As with vices of alcohol and chocolate, it's good to put internet and blog compulsions aside once in a while to see if you've crossed over the blurry line to "addiction." Joshua Tree National Park is an outstanding place to detox—to go "cold turkey"—for it has zero "bars" of Verizon. Not even Kareem Abdul "Wilson," our mighty signal magnet, could muster a connection with the World Wide Web of Malaise. And phones? Nope, no 911 net to break one's "fall," should they fall in Joshua. And trust me, there are no shortages of places to do just that.
Sometimes for better, sometimes worse, the inter-net becomes a mental, if not emotional, safety net. Don't believe me? Try spending a week or even a day without its "needle"—and force yourself to spend time with the last person on earth you want to be alone with, the one person with whom you've grown most out of touch with since the advent of broadband distractions. Yourself. If living without "Likes" and comments make you anxious, then perhaps you've crossed the line of addiction. Take a run on up to Joshua… see if you can stay a whole week.
Bobbie and I sure thawed out playing in and around the Colorado River Basin. Whew, the further south we traveled, the hotter it got… too hot, in fact. Temps climbed into the insufferable 80's, sometimes nudging 90, which tends to sap energy and limits our hiking/biking style. At nearly 5000 feet, Joshua's high temperatures rolled back to a comfortable 65 to 75 degrees. Perfect.
Our backroad approach to Joshua wandered across a bleak sea of absolute nothingness. There were occasional crossroad hovels—sun-beaten trailers and RV relics, melting into a dour, sun-scorched wasteland. We passed hodgepodge storage-shed shacks, adorned TV antenna masts bent askew by time and prevailing winds. What a blowtorch this place must be come June, July, and August. It bewilders me how and why some people choose to live in such barrenness, heat, and wind. It's not meant for habitation. Why choose a place that makes an already hard life harder? But, as they say, one man's trash is another man's treasure. Who am I to define "beauty?" Places like this proves that beauty does indeed lie in the eyes of the beholder.
Hostility and sterility eased as we approached 29 Palms, a desert burg that laps against a bouldered mountain upon which Joshua rests. At least it provides a modicum of visual relief. We gassed Goldie and treated ourselves to a cone at Foster's Freeze—a favorite ice-cream and burger joint, straight out of my Arizona based childhood.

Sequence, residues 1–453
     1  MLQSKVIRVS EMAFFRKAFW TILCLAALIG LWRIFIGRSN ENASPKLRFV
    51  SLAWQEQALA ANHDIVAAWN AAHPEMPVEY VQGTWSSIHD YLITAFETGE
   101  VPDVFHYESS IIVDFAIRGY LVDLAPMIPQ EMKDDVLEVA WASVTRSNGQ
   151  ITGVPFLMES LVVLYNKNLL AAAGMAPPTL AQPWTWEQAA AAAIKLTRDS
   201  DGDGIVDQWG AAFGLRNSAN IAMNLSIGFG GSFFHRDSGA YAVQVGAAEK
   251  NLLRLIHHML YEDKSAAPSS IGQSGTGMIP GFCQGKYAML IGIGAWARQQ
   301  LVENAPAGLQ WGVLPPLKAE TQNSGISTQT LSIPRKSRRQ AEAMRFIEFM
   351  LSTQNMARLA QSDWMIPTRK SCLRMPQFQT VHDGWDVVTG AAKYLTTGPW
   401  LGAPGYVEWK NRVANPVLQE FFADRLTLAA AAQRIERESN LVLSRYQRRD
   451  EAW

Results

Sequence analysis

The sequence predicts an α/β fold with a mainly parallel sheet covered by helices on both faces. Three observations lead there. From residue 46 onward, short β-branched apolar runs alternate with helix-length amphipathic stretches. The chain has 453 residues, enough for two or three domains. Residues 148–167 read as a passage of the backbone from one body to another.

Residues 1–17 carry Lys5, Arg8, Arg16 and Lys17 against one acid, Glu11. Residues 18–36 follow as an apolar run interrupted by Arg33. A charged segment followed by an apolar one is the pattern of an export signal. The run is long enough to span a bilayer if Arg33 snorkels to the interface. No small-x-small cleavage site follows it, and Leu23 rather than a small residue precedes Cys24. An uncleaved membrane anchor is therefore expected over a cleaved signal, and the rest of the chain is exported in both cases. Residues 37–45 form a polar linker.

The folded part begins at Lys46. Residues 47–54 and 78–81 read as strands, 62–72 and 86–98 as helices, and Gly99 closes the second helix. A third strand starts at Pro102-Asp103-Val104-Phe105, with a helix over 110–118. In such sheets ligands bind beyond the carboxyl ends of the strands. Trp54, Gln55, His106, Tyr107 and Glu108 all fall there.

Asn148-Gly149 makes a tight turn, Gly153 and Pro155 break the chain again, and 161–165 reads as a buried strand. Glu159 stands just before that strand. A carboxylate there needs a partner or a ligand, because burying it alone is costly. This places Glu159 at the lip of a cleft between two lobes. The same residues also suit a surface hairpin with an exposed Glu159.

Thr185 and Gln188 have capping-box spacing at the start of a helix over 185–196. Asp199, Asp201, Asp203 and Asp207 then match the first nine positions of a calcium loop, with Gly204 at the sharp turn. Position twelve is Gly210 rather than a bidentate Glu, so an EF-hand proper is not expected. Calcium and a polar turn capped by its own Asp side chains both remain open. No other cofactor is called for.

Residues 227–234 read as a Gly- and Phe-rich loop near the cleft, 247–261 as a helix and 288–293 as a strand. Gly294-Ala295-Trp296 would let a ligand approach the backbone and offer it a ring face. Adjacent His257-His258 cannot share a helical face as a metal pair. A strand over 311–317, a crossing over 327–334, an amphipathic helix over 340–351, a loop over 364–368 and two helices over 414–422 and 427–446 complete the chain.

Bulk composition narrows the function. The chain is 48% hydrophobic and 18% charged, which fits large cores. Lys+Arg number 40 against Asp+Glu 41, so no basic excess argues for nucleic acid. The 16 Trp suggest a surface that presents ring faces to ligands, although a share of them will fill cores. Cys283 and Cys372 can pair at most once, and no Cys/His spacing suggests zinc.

Goldie grunted out the remaining thirty some uphill miles to Jumbo Rocks Campground. It was late afternoon by the time camp was set and we needed to stretch our legs before succumbing to Goldie's Lounge for the long dark night ahead. Bobbie and I chose to go separate ways, to explore and have some quality alone time.
I did a mile on a nice wide trail then headed off cross-country. The wind had abated to a light breeze, and the setting sun washed my granite-bouldered surround in golden light and long shadows. A refreshing chill raised a few bumps on forearms—a nice change after weeks in the fiery cauldron of the Colorado River Corridor. Coolness always recharges my energy levels. I looked forward to spending entire days exploring and photographing this magical, surreal place.
I made a long sweep through the desert in fading light, taking in the golden glory of Joshua's boulders and funky android-like trees. I figured this was our fifth visit to Joshua so I knew what to expect, number one, that at some point we would get lost… again. I don't know why I keep putting off buying a GPS. But I do. To make this matter worse, I had just replaced my iPhone with a new one, thus the emergency GPS app was gone. Oh well, we'll just carry extra water and food in our packs. If push comes to shove, we have those warm, snuggly space blankets to wrap up in at night.
Off-trail, and seemingly alone, I stopped to take a leak on a struggling Joshua tree that looked like it could use some water. As I zipped up, a female voice called out, "Hey there. Hell-ohhhh." I spied a lone figure on top of a grand boulder across the wash and returned the wave. But she wasn't done. The figure asked if I could come give a hand… that she wanted, of all things, for me to shoot a video of her dancing. "Would you mind?" Well what am I going to say, "No, lady… you scare me?" Jesus, what now.
On the way over I imagined all kinds of scenarios. What if it's some sort of lure, and like her boyfriend jumps out, hits me over the head and takes my wallet... leaving me for dead! There are a lot of desperate people in the deserts of California, only an hour from L A. One never knows. She was pulling up her pants when I climbed the last few steps up to her boulder. She went into detail, explained that she had sat on a yucca and it stabbed her butt... that a woman needed to watch where they peed around here. I smiled while looking for a machete wielding boyfriend.
"Lindsey," she said. "Mark," I replied. She handed me her iPhone and explained that she wanted me to video her while she danced and did some Yoga movements, "So I can send it to my people."
Her "People?" It was getting weirder by the minute, but she seemed sincere and was easy on the eyes.
This is how perfectly innocent men get into trouble.